John apparently followed his new Master to Galilee, and was with him at the marriage feast of Cana, journeyed with him to Capernaum, and thenceforth never left him, save when sent on the missionary expedition with another, invested with the power of healing. He, James, and Peter, came within the innermost circle of their Lord's friends, and these three were suffered to remain with Christ when all the rest of the apostles were kept at a distance [Mark 5:37, Matthew 17:1, 26:37]. Peter, James, and John were with Christ in the Garden of Gethsemane. The mother of James and John, knowing our Lord's love for the brethren, made special request for them, that they might sit, one on his right hand, the other on his left, in his kingdom [Matthew 20:21]. There must have been much impetuosity in the character of the brothers, for they obtained the nickname of Boanerges, Sons of Thunder [Mark 3:17, see also Luke 9:54]. It is not necessary to dwell on the familiar history of the Last Supper and the Passion. To John was committed by our Lord the highest of privileges, the care of his mother [John 19:27]. John [the "disciple whom Jesus loved"] and Peter were the first to receive the news from the Magdalene of the Resurrection [John 20:2], and they hastened at once to the sepulchre, and there when Peter was restrained by awe, John impetuously "reached the tomb first."
In the interval between the Resurrection and the Ascension, John and Peter were together on the Sea of Galilee [John 21:1], having returned to their old calling, and old familiar haunts.
When Christ appeared on the shore in the dusk of morning, John was the first to recognize him. The last words of the Gospel reveal the attachment which existed between the two apostles. It was not enough for Peter to know his own fate, he must learn also something of the future that awaited his friend. The Acts show us them still united, entering together as worshippers into the Temple [Acts 3:1], and protesting together against the threats of the Sanhedrin [Acts 4:13]. They were fellow-workers together in the first step of Church expansion. The apostle whose wrath had been kindled at the unbelief of the Samaritans, was the first to receive these Samaritans as brethren [Luke 9:54, Acts 8:14].
He probably remained at Jerusalem until the death of the Virgin, though tradition of no great antiquity or weight asserts that he took her to Ephesus. When he went to Ephesus is uncertain. He was at Jerusalem fifteen years after Saint Paul's first visit there [Acts 15:6]. There is no trace of his presence there when Saint Paul was at Jerusalem for the last time.
Tradition, more or less trustworthy, completes the history. Irenaeus says that Saint John did not settle at Ephesus until after the death SS. Peter and Paul, and this is probable. He certainly as not there when Saint Timothy was appointed bishop of that place. Saint Jerome says that he supervised and governed all the Churches of Asia. He probably took up his abode finally in Ephesus in 97. In the persecution of Domitian he was taken to Rome, and was placed in a cauldron of boiling oil, outside the Latin gate, without the boiling fluid doing him any injury. [Eusebius makes no mention of this. The legend of the boiling oil occurs in Tertullian and in Saint Jerome]. He was sent to labor at the mines in Patmos. At the accession of Nerva he was set free, and returned to Ephesus, and there it is thought that he wrote his gospel. Of his zeal and love combined we have examples in Eusebius, who tells, on the authority of Irenaeus, that Saint John once fled out of a bath on hearing that Cerinthus was in it, lest, as he asserted, the roof should fall in, and crush the heretic. On the other hand, he showed the love that was in him. He commended a young man in whom he was interested to a bishop, and bade him keep his trust well. Some years after he learned that the young man had become a robber. Saint John, though very old, pursued him among the mountain fastnesses, and by his tenderness recovered him.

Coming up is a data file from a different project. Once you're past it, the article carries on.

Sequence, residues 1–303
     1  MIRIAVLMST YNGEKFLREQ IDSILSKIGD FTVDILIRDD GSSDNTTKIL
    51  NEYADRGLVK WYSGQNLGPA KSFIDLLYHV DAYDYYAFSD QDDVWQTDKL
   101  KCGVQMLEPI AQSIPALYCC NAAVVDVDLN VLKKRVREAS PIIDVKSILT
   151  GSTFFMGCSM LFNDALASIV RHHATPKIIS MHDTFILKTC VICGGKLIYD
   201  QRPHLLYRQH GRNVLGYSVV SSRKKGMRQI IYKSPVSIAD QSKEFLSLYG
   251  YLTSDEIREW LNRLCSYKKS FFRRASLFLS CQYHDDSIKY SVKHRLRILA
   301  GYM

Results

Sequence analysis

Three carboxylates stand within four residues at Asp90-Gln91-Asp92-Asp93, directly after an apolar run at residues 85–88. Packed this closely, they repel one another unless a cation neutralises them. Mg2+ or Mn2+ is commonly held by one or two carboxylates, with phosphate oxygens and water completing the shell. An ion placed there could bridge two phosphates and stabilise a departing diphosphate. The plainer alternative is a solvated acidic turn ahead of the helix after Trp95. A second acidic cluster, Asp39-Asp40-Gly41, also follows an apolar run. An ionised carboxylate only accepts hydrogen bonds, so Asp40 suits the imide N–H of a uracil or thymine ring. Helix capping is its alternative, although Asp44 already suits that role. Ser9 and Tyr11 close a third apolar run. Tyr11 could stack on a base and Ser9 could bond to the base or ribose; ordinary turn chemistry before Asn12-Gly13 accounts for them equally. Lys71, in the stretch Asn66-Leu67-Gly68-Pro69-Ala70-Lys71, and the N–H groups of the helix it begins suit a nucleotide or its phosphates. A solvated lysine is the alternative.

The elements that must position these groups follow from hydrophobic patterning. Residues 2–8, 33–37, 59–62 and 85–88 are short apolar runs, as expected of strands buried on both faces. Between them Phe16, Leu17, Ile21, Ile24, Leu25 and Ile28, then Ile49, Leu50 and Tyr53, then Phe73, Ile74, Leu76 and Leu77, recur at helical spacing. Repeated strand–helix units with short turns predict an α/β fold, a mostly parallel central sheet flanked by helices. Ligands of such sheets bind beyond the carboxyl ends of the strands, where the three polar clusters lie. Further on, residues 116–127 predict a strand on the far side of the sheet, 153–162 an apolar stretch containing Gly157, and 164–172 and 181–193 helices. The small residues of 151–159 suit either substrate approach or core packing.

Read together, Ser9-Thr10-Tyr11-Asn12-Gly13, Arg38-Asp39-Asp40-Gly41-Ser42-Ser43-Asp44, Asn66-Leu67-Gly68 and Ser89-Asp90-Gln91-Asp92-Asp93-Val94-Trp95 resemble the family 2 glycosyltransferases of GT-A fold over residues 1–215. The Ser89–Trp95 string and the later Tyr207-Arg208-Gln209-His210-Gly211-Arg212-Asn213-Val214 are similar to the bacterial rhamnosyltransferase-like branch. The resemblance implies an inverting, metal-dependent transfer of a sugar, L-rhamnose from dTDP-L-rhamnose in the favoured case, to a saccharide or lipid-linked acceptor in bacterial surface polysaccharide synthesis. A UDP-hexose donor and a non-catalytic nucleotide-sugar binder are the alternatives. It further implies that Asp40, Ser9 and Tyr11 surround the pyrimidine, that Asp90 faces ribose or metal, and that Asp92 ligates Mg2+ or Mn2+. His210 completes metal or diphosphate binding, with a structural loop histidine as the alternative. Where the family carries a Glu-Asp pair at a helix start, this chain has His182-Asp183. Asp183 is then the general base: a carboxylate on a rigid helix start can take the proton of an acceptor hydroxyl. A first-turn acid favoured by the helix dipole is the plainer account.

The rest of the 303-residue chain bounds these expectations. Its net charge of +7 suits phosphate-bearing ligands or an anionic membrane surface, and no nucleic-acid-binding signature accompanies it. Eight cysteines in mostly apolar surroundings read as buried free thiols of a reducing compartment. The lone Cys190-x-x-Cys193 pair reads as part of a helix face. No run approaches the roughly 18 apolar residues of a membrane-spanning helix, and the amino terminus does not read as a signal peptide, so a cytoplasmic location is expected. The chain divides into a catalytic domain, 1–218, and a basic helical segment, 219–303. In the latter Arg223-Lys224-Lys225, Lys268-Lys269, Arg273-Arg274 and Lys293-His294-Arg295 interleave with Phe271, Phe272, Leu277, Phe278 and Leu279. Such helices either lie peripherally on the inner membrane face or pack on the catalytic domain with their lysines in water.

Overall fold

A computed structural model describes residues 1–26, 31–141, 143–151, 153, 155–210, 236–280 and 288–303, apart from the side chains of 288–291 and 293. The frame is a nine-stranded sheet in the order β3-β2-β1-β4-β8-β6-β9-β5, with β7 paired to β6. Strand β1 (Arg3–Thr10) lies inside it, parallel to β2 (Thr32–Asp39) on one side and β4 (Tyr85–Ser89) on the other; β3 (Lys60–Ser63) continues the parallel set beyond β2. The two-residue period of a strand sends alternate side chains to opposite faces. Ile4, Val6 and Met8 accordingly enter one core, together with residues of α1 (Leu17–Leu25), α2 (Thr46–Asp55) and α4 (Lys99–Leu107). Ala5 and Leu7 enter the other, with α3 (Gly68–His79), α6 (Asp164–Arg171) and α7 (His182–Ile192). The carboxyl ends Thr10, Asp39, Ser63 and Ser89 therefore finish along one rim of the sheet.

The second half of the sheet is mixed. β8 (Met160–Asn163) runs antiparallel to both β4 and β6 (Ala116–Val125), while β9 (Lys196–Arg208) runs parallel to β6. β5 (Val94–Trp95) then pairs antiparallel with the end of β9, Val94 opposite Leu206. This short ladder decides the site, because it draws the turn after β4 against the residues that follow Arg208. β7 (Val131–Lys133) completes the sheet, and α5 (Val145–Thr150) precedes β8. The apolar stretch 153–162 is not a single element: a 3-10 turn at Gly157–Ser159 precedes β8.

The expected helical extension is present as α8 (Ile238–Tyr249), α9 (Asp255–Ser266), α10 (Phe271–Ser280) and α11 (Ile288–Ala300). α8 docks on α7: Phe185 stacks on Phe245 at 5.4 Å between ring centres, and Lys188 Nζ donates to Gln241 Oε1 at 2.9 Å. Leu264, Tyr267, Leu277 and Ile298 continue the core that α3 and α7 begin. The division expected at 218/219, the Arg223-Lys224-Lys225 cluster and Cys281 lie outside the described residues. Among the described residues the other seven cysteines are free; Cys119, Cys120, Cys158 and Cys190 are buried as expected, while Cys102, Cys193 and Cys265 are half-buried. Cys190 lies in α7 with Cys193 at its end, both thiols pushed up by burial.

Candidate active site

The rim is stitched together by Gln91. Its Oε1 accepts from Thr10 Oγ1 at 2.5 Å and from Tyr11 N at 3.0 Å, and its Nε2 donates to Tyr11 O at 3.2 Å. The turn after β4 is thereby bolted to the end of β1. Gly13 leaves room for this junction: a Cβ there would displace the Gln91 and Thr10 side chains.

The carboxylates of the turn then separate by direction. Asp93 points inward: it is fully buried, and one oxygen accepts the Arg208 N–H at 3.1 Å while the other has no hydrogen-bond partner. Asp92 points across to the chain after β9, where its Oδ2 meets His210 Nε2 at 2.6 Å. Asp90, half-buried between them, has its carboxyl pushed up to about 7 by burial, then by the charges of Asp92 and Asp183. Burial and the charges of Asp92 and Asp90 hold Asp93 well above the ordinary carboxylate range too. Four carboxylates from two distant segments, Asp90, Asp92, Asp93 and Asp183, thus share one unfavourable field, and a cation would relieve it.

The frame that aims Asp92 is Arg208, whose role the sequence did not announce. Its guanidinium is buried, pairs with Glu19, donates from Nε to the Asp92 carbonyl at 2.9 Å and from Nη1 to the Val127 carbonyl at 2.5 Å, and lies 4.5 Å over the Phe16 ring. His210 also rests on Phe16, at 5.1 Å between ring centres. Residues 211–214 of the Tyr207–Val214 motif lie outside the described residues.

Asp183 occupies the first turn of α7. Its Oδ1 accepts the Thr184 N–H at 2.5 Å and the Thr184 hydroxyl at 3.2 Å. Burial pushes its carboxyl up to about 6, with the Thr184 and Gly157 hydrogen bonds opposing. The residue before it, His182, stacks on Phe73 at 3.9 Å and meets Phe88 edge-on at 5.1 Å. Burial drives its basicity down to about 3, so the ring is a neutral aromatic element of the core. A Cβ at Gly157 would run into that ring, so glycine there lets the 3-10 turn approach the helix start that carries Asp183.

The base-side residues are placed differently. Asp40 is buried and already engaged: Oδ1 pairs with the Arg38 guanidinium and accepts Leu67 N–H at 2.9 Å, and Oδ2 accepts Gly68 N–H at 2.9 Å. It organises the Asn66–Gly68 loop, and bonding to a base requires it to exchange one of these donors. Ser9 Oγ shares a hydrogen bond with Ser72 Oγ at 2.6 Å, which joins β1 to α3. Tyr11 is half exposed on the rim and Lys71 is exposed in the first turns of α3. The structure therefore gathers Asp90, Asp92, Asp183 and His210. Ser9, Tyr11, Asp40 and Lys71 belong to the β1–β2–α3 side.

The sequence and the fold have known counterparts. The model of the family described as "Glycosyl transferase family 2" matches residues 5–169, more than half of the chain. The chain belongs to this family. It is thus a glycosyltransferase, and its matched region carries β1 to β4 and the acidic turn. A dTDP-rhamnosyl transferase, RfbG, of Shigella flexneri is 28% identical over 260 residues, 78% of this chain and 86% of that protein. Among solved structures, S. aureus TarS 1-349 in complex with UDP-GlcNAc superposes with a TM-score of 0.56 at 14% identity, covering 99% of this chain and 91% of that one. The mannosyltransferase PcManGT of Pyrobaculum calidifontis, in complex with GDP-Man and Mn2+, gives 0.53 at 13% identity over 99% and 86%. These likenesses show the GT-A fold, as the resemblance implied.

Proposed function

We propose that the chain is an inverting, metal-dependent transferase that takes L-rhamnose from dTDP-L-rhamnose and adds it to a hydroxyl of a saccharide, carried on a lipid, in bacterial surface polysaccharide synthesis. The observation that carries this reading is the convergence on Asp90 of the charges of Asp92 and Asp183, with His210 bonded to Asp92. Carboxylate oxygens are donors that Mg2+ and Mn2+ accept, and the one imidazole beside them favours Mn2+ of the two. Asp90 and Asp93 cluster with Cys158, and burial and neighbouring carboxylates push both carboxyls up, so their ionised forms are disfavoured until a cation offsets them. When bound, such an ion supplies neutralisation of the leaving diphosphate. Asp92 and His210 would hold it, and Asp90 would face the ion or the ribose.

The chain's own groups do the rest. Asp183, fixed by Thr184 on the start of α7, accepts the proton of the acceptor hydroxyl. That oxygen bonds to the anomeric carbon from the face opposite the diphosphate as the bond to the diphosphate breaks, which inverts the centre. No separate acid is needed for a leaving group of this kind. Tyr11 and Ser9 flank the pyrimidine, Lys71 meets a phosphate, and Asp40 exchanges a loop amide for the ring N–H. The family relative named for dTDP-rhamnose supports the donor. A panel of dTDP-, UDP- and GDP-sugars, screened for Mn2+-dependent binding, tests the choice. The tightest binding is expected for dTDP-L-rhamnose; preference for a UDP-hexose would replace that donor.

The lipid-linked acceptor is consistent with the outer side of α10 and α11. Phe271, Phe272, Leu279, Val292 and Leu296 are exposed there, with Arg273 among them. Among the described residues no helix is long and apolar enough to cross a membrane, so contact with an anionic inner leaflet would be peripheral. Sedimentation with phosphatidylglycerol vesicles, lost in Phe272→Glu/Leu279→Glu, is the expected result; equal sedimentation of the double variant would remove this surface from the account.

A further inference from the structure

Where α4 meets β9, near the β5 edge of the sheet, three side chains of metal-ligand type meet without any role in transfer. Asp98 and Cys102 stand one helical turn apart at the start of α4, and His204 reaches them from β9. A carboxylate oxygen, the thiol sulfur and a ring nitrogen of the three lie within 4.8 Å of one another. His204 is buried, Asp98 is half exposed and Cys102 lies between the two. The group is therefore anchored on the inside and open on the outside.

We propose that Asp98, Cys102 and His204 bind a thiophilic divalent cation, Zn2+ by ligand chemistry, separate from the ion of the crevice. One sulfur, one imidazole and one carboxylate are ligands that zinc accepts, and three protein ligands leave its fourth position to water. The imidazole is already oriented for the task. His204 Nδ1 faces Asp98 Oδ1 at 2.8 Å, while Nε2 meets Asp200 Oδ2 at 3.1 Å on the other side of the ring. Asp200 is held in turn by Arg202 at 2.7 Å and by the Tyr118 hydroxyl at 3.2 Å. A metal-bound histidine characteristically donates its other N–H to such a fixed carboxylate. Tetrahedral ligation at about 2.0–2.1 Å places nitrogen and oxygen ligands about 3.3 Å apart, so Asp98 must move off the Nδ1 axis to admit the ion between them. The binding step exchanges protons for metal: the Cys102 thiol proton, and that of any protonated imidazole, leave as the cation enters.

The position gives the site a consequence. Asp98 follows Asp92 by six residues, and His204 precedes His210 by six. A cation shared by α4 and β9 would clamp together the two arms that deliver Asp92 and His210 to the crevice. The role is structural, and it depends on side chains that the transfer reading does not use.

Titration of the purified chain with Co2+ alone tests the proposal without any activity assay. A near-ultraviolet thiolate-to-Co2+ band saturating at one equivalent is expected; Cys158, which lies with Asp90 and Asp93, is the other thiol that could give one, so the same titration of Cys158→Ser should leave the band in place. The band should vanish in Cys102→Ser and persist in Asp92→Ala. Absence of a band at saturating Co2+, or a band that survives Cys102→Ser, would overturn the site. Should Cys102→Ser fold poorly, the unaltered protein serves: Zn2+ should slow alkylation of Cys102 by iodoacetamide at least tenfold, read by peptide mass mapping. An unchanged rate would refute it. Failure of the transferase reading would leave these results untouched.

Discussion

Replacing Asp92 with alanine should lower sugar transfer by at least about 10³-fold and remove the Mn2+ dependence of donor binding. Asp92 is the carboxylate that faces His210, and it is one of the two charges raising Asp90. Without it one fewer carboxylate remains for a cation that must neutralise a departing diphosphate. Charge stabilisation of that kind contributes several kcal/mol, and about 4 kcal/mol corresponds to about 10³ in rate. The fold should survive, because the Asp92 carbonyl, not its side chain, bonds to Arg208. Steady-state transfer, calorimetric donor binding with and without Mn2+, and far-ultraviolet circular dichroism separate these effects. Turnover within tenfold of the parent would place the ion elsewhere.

In his old age, when unable to do more, he was carried into the assembly of the Church at Ephesus, and his sole exhortation was, "Little children, love one another."
The date of his death cannot be fixed with anything like precision, but it is certain that he lived to a very advanced age. He is represented holding a chalice from which issues a dragon, as he is supposed to have been given poison, which was, however, innocuous. Also his symbol is an eagle.
Saint Anne Mother of Mary
Memorial Day / Feast Day of Saint Anne: July 26
Description / Title of the Saint : Mother of Mary
Date of Death: Saint Anne died date unknown
The Story and History of Saint Anne
The story and history of Saint Anne. Saint Anne was the spouse of St. Joachim, and was chosen by God to be the mother of Mary, His own blessed Mother on earth. They were both of the royal house of David, and their lives were wholly occupied in prayer and good works. One thing only was wanting to their union - they were childless, and this was held as a bitter misfortune among the Jews. At length, when Anne was an aged woman, Mary was born, the fruit rather of grace than of nature, and the child more of God than of man. With the birth of Mary the aged Anne began a new life: she watched her every movement with reverent tenderness, and felt herself hourly sanctified by the presence of her immaculate child. But she had vowed her daughter to God, to God Mary had consecrated herself again, and to Him Anne gave her back. Mary was three years old when Anne and Joachim led her up the Temple steps, saw her pass by herself into the inner sanctuary, and then saw her no more. Thus was Anne left childless in her lone old age, and deprived of her purest earthly joy just when she needed it most. She humbly adored the Divine Will, and began again to watch and pray, till God called her to unending rest with the Father and the Spouse of Mary in the home of Mary's Child.